The rate at which P. falciparum becomes resistant
is still a very controversial subject, with many studies constantly
being carried out. However, it seems resistance follows a
normal Medelian pattern (Talisuna).
Previous drugs used to treat Malaria include quinolines,
one of which is chloroquine. Simply, these drugs worked by
inhibiting the digestive vacuole of the parasite. Since quinolines were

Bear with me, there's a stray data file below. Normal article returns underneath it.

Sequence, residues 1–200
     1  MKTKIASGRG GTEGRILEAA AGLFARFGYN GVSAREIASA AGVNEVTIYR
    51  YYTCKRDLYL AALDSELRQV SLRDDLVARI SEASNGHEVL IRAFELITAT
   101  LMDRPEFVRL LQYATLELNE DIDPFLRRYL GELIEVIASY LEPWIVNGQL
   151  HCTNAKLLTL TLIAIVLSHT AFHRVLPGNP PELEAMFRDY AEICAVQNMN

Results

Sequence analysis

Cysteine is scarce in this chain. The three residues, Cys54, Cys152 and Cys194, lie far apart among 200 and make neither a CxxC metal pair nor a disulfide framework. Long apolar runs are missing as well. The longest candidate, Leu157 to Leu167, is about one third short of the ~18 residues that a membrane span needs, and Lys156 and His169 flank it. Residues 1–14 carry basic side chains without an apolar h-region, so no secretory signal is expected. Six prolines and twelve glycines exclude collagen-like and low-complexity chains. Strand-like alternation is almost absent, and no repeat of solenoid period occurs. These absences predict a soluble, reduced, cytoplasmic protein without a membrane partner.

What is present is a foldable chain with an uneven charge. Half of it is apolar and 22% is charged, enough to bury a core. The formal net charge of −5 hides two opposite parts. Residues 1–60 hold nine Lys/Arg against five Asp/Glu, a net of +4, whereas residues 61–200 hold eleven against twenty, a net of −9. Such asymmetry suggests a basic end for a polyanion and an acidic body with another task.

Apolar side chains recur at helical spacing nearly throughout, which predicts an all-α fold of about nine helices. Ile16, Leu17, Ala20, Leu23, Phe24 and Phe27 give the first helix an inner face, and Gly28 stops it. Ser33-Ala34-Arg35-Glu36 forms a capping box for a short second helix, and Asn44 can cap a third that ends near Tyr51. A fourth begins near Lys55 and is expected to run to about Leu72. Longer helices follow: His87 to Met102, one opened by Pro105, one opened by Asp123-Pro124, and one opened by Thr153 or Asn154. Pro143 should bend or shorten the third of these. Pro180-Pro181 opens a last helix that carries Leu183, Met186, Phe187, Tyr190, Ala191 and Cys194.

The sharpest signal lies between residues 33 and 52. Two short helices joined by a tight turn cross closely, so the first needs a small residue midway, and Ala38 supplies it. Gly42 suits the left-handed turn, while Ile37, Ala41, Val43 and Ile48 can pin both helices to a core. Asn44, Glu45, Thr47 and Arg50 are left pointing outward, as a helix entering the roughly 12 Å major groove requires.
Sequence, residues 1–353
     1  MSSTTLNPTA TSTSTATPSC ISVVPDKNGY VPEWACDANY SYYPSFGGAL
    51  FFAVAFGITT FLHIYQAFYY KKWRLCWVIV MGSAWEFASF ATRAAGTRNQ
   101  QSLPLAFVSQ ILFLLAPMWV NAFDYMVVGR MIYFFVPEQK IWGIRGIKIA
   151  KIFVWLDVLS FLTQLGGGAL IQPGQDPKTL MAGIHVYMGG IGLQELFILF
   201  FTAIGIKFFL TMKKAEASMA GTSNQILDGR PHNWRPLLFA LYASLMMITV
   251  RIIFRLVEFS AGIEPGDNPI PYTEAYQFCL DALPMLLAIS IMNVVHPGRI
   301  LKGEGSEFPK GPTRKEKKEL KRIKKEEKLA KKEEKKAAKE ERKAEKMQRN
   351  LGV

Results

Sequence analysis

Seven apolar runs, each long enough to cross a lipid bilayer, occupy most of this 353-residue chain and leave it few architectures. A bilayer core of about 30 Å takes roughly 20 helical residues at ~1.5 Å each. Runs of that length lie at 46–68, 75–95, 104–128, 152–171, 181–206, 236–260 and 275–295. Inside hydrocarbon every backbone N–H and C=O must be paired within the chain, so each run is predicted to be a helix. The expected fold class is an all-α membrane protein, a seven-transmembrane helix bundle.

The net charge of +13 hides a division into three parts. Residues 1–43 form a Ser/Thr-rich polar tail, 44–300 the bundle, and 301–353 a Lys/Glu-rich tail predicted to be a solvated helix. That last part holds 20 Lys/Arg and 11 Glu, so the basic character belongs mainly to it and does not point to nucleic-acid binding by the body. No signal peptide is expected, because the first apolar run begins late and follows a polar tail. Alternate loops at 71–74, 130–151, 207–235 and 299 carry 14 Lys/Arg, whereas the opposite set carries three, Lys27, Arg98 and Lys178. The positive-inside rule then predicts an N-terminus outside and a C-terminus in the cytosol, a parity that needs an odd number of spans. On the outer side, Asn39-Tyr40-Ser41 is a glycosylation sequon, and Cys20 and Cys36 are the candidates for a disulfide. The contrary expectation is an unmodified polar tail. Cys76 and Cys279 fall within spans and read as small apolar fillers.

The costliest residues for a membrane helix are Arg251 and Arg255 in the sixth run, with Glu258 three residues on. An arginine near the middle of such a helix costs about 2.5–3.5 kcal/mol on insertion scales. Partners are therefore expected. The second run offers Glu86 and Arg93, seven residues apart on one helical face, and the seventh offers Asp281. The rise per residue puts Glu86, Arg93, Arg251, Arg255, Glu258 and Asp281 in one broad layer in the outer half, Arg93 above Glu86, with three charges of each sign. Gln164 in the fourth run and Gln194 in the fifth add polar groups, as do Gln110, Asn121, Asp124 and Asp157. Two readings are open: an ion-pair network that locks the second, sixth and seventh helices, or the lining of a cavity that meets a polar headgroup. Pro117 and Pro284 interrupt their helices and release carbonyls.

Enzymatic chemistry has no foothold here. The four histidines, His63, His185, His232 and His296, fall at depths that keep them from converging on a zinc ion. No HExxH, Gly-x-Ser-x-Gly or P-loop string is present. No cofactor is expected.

initial employed, P. falciparum has adapted to counteract the
drugs negative affects (Francis).
A specific gene has been determined to be connected to chloriquine
resistance. The rate at which the resistance spreads in areas of high
and low Malaria frequency is often disputed. One such study determined
that areas of low transmission most likely incurred higher numbers of
resistance due to increased use of drugs for treatment (Talisuna).
The large number of enzymes and proteins, along with the
complex life cycle of the parasite,
offers many options for adaptations to vaccines.